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New York Times

ART IN REVIEW
April 2nd, 2010
Lyle Ashton Harris

By HOLLAND COTTER

The New York artist Lyle Ashton Harris has spent a fair amount of time in Africa. For two years in the 1970s he lived in Tanzania. He later made extended trips to South Africa. Since 2005 he has spent part of every year teaching at the New York University extension in Accra, Ghana. His solo show at CRG is inspired by contemporary Ghana, and like much of his art, it’s a knotty fusion of seductive beauty and sharp sociopolitical observation.

The exhibition opens with a color film projection onto a curtainlike hanging of Ghanaian cloth. The film is of festivals and beach scenes in Ghana, but printed on the cloth are shadowy black-and-white pictures hinting at that country’s past as a source for the trans-Atlantic slave trade. Photographs hanging nearby look like semi-abstract paintings but are close-up shots of wall collages — with cutout images of women, cars and religious figures — made by inmates of an Accra prison that was once a colonial fortress.

The show’s centerpiece is a mural-size wall collage by Mr. Harris, one of several he has assembled over several years from hundreds of pieces of visual information: newspaper and magazine clips, posters, Post-it notes with written phrases, and photographs. Each collage reflects the specific place and time of its conception. The one in the show blends contemporary Ghanaian history and Mr. Harris’s own history, using themes of race, masculinity and homosexuality, which is illegal in Ghana and popularly reviled as a Western import.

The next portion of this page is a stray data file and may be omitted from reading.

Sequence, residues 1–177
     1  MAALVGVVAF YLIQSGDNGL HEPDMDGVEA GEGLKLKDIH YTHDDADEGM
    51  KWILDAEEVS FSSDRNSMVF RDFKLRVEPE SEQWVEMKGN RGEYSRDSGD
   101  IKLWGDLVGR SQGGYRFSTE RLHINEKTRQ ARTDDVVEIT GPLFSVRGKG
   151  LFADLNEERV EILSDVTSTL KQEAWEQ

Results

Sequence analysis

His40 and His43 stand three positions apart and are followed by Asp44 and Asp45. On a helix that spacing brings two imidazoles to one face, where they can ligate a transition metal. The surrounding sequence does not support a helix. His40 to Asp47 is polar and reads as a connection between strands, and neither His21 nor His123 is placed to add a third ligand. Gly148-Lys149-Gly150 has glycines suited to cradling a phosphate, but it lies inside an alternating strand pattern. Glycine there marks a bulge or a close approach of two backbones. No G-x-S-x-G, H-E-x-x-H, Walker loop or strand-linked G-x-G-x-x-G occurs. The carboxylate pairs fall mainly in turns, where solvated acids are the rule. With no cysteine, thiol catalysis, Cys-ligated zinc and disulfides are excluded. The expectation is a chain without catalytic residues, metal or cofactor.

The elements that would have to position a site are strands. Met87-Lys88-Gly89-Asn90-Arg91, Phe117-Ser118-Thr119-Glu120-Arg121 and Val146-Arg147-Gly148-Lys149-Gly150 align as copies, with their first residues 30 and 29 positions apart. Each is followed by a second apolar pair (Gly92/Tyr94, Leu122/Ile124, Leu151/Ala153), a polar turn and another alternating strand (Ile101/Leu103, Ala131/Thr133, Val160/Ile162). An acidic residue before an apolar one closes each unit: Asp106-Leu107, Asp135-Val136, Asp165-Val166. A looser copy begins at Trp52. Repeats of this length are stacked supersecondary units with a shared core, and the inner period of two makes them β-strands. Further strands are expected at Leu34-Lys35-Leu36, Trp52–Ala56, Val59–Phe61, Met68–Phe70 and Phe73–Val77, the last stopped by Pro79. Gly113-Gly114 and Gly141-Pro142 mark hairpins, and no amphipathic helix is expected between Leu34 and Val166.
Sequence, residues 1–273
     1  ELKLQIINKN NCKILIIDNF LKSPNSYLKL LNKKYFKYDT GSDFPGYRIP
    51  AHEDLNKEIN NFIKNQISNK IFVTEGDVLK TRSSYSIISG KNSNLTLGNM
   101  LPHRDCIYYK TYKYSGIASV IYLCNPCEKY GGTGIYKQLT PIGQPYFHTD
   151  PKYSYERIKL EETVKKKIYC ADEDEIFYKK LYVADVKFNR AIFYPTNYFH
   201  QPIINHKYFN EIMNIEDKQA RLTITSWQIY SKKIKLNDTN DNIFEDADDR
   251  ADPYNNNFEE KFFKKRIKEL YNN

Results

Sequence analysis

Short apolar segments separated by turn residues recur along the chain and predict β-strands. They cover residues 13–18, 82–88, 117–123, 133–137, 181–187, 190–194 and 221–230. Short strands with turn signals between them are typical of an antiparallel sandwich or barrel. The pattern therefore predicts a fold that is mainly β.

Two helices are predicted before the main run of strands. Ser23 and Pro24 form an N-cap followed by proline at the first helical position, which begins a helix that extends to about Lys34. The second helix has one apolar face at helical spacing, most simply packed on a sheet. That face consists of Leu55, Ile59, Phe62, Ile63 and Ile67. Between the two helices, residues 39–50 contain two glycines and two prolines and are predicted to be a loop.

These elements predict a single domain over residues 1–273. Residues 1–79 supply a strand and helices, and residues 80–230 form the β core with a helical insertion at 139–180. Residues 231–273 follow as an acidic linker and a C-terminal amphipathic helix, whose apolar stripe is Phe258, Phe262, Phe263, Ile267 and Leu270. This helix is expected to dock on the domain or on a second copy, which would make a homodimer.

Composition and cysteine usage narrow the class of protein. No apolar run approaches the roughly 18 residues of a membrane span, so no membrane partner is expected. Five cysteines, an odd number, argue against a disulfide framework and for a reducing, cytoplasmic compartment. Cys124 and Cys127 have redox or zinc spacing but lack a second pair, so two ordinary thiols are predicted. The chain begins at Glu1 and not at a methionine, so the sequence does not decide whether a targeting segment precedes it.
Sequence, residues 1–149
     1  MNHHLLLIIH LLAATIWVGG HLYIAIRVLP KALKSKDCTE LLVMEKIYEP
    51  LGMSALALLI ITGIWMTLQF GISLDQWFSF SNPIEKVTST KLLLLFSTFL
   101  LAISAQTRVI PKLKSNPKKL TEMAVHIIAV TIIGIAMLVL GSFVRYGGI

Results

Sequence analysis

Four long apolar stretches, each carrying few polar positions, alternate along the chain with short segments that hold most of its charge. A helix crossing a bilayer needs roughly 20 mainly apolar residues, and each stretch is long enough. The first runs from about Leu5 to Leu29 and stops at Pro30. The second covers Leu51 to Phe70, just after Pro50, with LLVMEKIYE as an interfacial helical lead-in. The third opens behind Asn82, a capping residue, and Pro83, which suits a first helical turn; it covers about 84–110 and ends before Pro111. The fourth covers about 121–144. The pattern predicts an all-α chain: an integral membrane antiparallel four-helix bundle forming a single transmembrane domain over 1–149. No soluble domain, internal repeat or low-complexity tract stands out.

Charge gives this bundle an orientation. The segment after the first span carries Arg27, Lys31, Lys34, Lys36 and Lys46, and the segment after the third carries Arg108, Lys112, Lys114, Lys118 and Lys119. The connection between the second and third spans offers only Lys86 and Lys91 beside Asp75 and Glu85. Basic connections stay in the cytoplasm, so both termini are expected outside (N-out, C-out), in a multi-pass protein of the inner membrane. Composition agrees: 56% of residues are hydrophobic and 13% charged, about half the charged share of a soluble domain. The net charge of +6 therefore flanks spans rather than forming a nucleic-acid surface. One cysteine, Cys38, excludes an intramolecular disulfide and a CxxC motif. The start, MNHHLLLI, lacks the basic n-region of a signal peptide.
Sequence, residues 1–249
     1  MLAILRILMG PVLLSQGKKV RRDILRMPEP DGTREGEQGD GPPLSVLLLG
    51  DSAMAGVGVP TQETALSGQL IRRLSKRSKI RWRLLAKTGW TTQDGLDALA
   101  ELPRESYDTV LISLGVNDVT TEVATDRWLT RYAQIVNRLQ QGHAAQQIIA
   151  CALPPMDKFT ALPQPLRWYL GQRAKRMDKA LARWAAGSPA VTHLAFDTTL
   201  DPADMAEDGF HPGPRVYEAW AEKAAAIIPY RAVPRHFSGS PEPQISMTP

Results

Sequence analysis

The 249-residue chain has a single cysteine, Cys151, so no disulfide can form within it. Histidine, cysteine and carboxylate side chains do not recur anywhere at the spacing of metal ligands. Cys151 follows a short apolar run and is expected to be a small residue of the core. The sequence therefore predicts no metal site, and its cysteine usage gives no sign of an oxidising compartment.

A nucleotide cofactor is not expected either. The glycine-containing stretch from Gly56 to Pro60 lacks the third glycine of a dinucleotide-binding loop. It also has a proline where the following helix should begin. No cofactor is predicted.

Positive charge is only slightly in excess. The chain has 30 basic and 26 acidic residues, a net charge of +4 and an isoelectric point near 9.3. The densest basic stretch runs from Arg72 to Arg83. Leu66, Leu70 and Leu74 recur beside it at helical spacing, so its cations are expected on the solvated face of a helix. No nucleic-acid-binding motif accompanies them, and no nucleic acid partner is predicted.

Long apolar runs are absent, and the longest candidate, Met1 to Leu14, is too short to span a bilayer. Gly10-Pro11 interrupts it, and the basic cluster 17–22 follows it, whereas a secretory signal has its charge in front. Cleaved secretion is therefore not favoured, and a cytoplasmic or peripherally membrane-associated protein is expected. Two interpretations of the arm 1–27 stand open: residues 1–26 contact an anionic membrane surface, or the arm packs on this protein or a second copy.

A 2006 newspaper article in the collage, with the headline “Gays and Lesbians on Fire,” refers to a gay and lesbian conference that was scheduled to take place that year in Accra but was banned by the government. Mr. Harris surrounds the document with gender-blending images from his past work and with photographs of African men posing like Calvin Klein models. In addition, three videos in the gallery show Ghanaian bodybuilders pumping and preening, in classic scenes of homosocial, and presumably heterosexual, camaraderie.

Mr. Harris neither pulls his political punches here nor forces easy conclusions. He deftly layers his data, leaving us to connect the dots. And as relatively few American artists do, he pulls contemporary Africa, firsthand, into the big global picture, partly by pointing up a big global problem it shares with the rest of the world.